The 390-page report is the culmination of an 18-month joint investigation by the Inspector General Glenn Fine and the head of the agency's Office of Professional Responsibility H. Marshall Jarrett. Their report, concluded that Iglesias's firing was the most "controversial" and that his dismissal was "engineered" by New Mexico GOP lawmakers Sen. Pete Domenici, Congresswoman Heather Wilson and former White House political adviser Karl Rove over complaints about Iglesias's refusal to secure indictments in voter fraud cases and in a public corruption case.
Many election integrity experts believe claims of voter fraud are a ploy by Republicans to suppress minorities and poor people from voting. Historically, those groups tend to vote for Democratic candidates. Raising red flags about the integrity of the ballots, experts believe, is an attempt by GOP operatives to swing elections to their candidates as well as an attempt to use the fear of criminal prosecution to discourage individuals from voting in future races.
The report said Bush and Rove "spoke with Attorney General Gonzales in October 2006 about their concerns over voter fraud in three cities, one of which was Albuquerque, New Mexico" and concerns Domenici had about Iglesias's job performance.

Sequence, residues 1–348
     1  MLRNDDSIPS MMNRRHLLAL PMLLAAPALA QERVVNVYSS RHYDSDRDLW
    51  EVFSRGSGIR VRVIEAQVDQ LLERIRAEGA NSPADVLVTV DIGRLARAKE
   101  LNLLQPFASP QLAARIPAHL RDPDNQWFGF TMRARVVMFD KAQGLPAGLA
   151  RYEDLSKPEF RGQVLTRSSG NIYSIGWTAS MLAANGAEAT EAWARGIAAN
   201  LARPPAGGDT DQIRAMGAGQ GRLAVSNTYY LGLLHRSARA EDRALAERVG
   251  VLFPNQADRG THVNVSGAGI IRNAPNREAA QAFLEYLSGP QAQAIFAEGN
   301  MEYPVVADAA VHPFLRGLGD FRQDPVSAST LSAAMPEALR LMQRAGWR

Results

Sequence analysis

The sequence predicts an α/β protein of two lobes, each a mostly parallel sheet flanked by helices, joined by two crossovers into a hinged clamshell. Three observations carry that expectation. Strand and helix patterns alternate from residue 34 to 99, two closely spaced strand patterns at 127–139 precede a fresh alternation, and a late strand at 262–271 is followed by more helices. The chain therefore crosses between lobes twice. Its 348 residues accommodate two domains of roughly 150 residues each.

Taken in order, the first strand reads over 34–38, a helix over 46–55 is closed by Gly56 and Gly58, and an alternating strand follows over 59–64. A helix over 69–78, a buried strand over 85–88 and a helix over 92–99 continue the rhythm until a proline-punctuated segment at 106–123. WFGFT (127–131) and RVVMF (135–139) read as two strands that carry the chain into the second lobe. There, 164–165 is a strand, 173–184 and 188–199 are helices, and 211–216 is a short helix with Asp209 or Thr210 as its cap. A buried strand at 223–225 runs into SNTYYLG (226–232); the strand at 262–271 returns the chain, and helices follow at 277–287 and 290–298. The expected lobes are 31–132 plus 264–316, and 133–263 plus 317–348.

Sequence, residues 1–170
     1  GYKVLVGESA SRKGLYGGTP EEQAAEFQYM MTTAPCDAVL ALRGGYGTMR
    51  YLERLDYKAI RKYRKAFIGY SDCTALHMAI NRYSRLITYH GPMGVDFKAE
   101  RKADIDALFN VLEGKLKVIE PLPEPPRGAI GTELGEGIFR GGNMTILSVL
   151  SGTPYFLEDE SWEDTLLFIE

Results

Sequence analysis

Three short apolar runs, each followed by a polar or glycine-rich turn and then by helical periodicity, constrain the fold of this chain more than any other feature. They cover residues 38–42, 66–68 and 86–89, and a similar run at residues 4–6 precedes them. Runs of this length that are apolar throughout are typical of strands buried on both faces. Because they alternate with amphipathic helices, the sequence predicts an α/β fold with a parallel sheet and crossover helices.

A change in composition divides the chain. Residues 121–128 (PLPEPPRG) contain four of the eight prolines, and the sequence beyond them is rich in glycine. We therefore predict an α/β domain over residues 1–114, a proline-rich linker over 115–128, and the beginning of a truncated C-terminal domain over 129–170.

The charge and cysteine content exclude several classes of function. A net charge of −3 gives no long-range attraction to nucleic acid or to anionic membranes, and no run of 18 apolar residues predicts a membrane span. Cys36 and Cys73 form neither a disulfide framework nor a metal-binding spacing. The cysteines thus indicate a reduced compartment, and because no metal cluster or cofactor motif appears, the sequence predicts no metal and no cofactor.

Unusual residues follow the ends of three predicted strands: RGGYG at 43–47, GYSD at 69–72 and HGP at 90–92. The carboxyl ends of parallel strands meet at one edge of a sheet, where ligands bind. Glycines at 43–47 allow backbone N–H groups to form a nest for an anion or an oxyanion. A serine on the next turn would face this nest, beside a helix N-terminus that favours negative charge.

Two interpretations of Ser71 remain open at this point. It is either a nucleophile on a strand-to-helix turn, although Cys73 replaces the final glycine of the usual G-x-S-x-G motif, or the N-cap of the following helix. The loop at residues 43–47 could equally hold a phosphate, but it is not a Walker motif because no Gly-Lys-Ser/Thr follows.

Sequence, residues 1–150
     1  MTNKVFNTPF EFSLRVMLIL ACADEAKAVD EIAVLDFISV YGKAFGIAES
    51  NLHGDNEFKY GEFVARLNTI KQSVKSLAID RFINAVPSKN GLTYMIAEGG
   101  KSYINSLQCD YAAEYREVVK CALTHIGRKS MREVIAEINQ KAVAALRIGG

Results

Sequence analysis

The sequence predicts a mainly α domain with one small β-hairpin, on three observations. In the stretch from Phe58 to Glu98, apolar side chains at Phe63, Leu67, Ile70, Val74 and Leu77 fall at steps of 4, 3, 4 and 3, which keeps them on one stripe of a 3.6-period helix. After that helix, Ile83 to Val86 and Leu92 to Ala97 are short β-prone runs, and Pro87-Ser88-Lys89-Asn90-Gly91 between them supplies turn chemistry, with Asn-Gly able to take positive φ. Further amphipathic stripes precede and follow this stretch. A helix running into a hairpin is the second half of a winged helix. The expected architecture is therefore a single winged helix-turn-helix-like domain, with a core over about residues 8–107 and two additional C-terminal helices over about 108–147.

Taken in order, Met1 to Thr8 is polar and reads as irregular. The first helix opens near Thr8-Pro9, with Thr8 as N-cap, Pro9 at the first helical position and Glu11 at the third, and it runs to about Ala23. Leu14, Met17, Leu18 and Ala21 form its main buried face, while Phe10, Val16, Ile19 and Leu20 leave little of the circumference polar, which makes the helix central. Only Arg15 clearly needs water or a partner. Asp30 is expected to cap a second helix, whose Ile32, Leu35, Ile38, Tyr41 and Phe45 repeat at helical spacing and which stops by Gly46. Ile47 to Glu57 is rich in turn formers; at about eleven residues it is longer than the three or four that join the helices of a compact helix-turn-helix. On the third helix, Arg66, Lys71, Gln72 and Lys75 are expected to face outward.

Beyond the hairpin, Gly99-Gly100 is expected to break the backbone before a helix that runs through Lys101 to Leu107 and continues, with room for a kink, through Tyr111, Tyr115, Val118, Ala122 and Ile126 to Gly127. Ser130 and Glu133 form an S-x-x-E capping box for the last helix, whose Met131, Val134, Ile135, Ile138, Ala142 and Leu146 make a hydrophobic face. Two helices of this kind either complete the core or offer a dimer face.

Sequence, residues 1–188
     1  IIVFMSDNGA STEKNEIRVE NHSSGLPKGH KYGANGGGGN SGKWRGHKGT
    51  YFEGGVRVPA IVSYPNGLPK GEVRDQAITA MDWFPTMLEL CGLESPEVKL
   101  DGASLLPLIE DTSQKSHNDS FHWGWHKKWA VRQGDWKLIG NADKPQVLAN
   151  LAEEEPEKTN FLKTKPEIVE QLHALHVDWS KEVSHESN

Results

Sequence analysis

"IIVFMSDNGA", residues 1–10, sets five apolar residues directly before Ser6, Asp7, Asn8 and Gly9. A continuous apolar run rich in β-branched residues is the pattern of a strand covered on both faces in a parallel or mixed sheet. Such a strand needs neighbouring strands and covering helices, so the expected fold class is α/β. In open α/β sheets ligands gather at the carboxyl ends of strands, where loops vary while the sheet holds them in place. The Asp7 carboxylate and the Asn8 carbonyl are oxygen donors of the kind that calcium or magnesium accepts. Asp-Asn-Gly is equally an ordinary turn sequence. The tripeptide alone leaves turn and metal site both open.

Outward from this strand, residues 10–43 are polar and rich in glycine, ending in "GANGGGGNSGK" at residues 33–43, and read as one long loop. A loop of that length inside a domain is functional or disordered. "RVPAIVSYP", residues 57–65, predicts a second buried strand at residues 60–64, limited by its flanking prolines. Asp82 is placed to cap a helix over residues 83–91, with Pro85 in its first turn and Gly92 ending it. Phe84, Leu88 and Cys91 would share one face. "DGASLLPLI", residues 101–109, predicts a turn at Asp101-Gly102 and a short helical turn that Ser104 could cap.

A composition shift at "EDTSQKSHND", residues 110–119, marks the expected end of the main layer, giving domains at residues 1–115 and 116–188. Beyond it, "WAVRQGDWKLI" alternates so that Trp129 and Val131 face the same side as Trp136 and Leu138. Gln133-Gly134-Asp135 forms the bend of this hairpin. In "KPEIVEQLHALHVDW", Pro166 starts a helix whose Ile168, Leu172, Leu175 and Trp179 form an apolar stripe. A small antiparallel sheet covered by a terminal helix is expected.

"There is conflicting evidence about exactly what was communicated to Gonzales, and what the Department's response was to these concerns," according to the report. "Gonzales testified that he recalled mentioning his conversation with Rove to [his former Chief of Staff Kyle] Sampson and asking him to look into the matter. Sampson told congressional investigators that he recalled that after the removals became public, Gonzales told him that he recalled the President telling him in October  that Domenici had concerns about Iglesias."
"On March 13, 2007, in response to reporters' questions about the removals of U.S. Attorneys, White House spokesman Dan Bartlett stated that the President had told Gonzales in late 2006 that he had been hearing about election fraud concerns from members of Congress regarding three cities: Albuquerque, Philadelphia, and Milwaukee," the report says.
In the months leading up to the 2004 presidential election, Bernalillo County in New Mexico had been the target of a massive grassroots effort by the group Association of Community Organizations for Reform Now (ACORN) to register voters. That led New Mexico GOP to challenge the integrity of some of the names on the voter registration rolls.
Iglesias established an election fraud task force in September 2004 and spent more than two months probing claims of widespread voter fraud in his state. He said he fully expected to uncover instances of voter fraud based on numerous stories that appeared in New Mexico media that said minors received voter registration forms and that "a large number" of voter registration forms turned up during the course of a drug raid.